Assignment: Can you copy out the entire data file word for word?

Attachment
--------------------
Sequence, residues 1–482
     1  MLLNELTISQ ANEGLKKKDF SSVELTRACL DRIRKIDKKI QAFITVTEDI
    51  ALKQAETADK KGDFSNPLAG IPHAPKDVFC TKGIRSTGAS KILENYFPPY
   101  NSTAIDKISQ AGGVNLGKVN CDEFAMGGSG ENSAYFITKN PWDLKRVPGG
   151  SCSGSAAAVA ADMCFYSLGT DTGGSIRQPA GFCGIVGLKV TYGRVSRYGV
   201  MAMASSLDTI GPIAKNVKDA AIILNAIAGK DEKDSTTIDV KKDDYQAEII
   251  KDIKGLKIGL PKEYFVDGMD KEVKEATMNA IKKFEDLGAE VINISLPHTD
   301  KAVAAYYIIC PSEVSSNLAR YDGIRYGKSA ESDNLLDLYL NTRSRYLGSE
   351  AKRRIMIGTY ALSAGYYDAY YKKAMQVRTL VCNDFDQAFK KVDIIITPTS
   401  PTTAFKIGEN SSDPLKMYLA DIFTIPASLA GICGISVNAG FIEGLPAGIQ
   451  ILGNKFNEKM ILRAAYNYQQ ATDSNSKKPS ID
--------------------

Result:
Sequence, residues 1–482
     1  MLLNELTISQ ANEGLKKKDF SSVELTRACL DRIRKIDKKI QAFITVTEDI
    51  ALKQAETADK KGDFSNPLAG IPHAPKDVFC TKGIRSTGAS KILENYFPPY
   101  NSTAIDKISQ AGGVNLGKVN CDEFAMGGSG ENSAYFITKN PWDLKRVPGG
   151  SCSGSAAAVA ADMCFYSLGT DTGGSIRQPA GFCGIVGLKV TYGRVSRYGV
   201  MAMASSLDTI GPIAKNVKDA AIILNAIAGK DEKDSTTIDV KKDDYQAEII
   251  KDIKGLKIGL PKEYFVDGMD KEVKEATMNA IKKFEDLGAE VINISLPHTD
   301  KAVAAYYIIC PSEVSSNLAR YDGIRYGKSA ESDNLLDLYL NTRSRYLGSE
   351  AKRRIMIGTY ALSAGYYDAY YKKAMQVRTL VCNDFDQAFK KVDIIITPTS
   401  PTTAFKIGEN SSDPLKMYLA DIFTIPASLA GICGISVNAG FIEGLPAGIQ
   451  ILGNKFNEKM ILRAAYNYQQ ATDSNSKKPS ID